Re-Examining Liberation in Namibia: Political Culture since Independence

Re-Examining Liberation in Namibia: Political Culture since Independence

Re-Examining Liberation in Namibia: Political Culture since Independence

Re-Examining Liberation in Namibia: Political Culture since Independence

Synopsis

From 1960, SWAPO of Nami-bia led the organised and later armed struggle for indepen-dence. In late 1989, the libera-tion movement was finally elected to power under United Nations supervision as the legitimate government. When the Republic of Namibia was proclaimed on 21 March 1990, the long and bitter struggle for sovereignty came to an end. This volume takes stock of emerging trends in the country's political culture since independence. The contributions, mainly by authors from Namibia and Southern Africa who supported the anti-colonial movements, critically explore the achieve-ments and shortcomings that have been part of liberation in Namibia. Henning Melber was Director of the Namibian Economic Policy Research Unit (NEPRU) in Windhoek between 1992 and 2000 and has been Research Director at The Nordic Africa Institute since then. He coordinates the research project on 'Liberation and Democracy in Southern Africa', of which this volume is part.

Excerpt

This introductory chapter highlights trends in the postcolonial political culture that are emerging under SWAPO in Namibia. Firstly, however, some more general aspects and issues related to processes of political transformation under liberation movements in Southern Africa are raised. These organisations seized legitimate political power and have occupied the state apparatus since the end of white minority rule. Reorganised as parties, they gained control over the political sphere and managed to consolidate their dominant position within the modified state structures. They have gained the power of definition in the political arena and shape public discourse within their societies to a considerable extent. In pursuance of their nation-building ambitions, they tend to operate with and along rather strict concepts of inclusion/exclusion.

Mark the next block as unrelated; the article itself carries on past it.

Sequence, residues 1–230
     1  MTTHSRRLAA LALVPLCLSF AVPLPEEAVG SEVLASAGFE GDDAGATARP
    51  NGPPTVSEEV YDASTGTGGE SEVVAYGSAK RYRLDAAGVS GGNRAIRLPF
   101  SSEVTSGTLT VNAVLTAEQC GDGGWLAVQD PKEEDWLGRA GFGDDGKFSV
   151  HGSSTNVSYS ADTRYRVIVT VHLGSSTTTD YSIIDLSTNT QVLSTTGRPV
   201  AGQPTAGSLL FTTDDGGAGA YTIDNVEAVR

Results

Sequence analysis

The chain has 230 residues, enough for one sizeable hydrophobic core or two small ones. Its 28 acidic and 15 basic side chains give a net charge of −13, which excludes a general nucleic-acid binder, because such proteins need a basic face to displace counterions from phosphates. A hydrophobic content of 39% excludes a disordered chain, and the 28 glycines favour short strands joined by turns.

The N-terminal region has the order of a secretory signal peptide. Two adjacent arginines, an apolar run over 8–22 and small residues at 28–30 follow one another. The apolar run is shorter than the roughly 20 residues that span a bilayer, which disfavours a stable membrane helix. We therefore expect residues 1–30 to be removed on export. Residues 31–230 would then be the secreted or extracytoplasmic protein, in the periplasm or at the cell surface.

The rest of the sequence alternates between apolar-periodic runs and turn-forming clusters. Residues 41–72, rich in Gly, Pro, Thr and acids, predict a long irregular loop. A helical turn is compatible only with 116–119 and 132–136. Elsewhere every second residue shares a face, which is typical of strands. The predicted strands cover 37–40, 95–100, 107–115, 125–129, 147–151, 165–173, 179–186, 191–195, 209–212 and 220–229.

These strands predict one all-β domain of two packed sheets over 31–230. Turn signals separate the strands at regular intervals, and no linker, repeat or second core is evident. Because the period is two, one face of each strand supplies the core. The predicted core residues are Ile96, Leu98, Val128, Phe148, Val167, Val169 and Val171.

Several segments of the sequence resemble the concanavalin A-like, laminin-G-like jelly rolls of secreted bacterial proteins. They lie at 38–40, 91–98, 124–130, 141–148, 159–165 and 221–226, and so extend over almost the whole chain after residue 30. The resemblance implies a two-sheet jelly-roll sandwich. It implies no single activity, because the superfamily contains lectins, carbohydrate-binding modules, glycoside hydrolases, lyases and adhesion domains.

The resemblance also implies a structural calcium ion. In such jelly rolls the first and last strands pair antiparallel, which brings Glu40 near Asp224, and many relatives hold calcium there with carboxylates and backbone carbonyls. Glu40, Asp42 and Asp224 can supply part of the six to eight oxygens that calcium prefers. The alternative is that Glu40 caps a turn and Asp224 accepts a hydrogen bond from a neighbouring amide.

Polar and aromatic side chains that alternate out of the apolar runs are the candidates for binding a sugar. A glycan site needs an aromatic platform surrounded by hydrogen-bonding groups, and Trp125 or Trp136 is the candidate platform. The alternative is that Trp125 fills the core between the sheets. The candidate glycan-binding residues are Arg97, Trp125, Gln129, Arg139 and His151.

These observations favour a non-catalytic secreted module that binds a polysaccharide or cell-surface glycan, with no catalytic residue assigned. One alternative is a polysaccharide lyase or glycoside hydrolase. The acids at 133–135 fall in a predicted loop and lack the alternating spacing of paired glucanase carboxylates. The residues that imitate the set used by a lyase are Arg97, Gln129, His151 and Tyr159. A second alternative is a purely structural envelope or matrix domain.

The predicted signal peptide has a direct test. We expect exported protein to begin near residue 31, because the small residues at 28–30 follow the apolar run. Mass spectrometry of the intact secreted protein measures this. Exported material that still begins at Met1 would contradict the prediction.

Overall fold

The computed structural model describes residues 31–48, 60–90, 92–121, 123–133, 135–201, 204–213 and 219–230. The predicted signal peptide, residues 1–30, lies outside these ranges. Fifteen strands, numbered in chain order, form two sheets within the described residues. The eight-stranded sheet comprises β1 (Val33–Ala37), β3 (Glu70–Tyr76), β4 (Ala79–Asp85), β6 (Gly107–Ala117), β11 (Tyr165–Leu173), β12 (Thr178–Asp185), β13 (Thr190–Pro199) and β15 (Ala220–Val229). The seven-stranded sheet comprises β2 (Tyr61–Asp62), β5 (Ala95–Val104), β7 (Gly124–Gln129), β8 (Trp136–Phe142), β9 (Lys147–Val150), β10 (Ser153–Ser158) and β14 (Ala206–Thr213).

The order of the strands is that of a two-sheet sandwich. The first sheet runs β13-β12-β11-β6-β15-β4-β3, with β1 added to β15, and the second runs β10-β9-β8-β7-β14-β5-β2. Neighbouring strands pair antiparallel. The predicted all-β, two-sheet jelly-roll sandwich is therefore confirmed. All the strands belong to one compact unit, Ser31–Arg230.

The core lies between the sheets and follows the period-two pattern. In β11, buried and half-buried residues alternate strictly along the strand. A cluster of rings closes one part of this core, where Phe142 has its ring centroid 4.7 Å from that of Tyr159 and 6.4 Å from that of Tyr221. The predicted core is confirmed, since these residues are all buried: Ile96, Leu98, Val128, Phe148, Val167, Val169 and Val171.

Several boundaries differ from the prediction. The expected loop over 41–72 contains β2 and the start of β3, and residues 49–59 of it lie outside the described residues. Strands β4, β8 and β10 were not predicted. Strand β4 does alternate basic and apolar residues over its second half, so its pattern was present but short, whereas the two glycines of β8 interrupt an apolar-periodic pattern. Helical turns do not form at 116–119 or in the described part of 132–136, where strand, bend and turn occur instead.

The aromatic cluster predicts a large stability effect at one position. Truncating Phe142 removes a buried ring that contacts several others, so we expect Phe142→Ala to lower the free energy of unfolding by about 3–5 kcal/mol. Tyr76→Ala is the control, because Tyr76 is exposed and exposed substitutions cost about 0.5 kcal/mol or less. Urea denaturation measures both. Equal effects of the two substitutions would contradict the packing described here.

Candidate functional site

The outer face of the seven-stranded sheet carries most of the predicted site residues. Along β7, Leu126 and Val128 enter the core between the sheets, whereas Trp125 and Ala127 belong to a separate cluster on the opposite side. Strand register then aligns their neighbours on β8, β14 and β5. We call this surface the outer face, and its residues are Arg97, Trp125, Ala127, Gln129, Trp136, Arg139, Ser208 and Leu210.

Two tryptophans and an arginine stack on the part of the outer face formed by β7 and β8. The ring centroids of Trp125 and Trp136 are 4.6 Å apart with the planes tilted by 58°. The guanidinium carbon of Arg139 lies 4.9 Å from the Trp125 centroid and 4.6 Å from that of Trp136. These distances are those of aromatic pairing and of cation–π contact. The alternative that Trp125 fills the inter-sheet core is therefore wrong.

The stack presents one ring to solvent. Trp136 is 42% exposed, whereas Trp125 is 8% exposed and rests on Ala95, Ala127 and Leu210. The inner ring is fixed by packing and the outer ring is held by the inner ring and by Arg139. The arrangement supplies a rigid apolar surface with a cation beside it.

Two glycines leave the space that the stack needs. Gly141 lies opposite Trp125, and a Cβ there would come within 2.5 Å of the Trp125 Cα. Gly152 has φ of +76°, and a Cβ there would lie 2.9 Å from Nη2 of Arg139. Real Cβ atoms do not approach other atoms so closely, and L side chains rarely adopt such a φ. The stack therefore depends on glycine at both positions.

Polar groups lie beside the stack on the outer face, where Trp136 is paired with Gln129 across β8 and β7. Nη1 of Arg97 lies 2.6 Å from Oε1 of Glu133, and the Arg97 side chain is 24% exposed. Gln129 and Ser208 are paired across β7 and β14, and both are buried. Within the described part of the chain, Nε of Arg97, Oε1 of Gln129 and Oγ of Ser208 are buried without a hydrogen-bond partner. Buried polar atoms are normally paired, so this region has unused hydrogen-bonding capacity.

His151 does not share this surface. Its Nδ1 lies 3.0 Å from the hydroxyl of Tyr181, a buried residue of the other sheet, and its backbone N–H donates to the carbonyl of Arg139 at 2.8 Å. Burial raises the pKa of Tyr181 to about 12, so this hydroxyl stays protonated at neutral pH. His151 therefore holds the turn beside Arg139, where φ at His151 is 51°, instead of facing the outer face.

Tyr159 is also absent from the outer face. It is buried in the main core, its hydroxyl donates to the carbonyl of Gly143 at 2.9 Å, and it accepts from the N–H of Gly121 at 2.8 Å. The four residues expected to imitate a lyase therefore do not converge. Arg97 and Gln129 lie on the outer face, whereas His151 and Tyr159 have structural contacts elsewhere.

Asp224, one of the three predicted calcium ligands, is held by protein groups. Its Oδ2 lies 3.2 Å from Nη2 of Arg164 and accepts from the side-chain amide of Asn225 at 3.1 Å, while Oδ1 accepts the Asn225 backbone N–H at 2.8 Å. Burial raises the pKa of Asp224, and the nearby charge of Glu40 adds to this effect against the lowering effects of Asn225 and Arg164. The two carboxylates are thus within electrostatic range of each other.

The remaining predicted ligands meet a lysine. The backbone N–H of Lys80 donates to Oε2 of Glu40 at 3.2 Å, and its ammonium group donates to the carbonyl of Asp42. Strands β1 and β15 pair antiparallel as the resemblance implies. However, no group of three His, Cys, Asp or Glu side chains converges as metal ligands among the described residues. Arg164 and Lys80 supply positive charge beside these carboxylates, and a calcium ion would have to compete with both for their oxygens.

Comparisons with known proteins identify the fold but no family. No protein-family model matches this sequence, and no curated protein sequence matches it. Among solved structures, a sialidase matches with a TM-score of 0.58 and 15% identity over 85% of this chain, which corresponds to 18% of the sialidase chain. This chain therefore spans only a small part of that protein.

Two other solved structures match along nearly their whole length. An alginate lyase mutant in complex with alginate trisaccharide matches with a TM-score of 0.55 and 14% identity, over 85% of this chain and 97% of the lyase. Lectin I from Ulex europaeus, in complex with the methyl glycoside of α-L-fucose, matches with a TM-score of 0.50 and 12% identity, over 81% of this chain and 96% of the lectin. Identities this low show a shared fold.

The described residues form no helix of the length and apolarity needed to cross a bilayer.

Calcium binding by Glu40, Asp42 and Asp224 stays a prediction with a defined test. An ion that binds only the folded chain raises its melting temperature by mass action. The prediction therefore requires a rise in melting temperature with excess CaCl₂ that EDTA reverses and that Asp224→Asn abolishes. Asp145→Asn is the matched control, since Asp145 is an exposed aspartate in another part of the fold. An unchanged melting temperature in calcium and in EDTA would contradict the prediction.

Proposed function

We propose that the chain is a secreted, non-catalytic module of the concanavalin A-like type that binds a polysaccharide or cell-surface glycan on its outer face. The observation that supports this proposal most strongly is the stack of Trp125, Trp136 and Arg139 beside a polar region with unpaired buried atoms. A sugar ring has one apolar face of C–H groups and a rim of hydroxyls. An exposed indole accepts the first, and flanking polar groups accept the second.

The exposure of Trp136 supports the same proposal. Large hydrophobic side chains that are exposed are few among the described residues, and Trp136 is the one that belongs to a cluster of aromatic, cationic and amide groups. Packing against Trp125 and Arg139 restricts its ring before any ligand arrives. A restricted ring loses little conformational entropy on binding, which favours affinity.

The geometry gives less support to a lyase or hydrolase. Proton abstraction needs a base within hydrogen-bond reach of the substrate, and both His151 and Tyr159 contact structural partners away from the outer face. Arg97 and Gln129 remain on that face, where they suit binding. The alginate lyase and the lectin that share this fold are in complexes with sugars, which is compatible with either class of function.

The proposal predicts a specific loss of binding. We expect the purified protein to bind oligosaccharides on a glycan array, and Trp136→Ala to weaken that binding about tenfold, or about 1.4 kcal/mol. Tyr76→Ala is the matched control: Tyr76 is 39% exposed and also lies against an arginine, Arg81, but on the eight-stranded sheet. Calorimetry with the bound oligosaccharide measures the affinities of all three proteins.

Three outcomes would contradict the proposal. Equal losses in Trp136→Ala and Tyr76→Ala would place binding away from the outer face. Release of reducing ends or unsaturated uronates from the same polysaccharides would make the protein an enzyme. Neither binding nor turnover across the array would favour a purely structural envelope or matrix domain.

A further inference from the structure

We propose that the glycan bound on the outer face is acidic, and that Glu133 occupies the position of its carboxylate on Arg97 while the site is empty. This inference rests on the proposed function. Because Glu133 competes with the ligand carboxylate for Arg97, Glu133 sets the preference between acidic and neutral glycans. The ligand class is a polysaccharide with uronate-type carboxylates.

The legitimacy of these governments is based on their being the—more or less democratically—elected representatives of the majority of the people. At the same time, however, the democratic notion is also contested territory. Postcolonial policies in most countries of Southern Africa at present lack (though in differing degrees) a commitment to democratic principles and/or practices. In particular, liberation movements in power tend to deviate from implementing originally declared policy aims and goals in terms of both democratic convictions and, even more so, of much needed policy initiatives towards socioeconomic transformation of their societies aimed at reducing inherited imbalances in the distribution of wealth.

Liberation Movements in Power—A Critical Assessment

Supported by international solidarity movements that also argued along moral and ethical lines (cf., Kössler and Melber 2002), liberation movements were fighting against systems of institutionalised violation of basic human rights. At the same time, they were not always sensitive to human rights issues and the cultivation of democratic virtues within their own ranks. The fight against unjust systems of oppression rooted in the totalitarian colonial rule of a minority did not protect liberation movements from falling prey to authoritarian patterns of rule and undemocratic (if not violent) practices, which were applied by themselves against dissenting forces. The desire for self-determination and national independence did not prevent liberation activists from abusing the power they . . .

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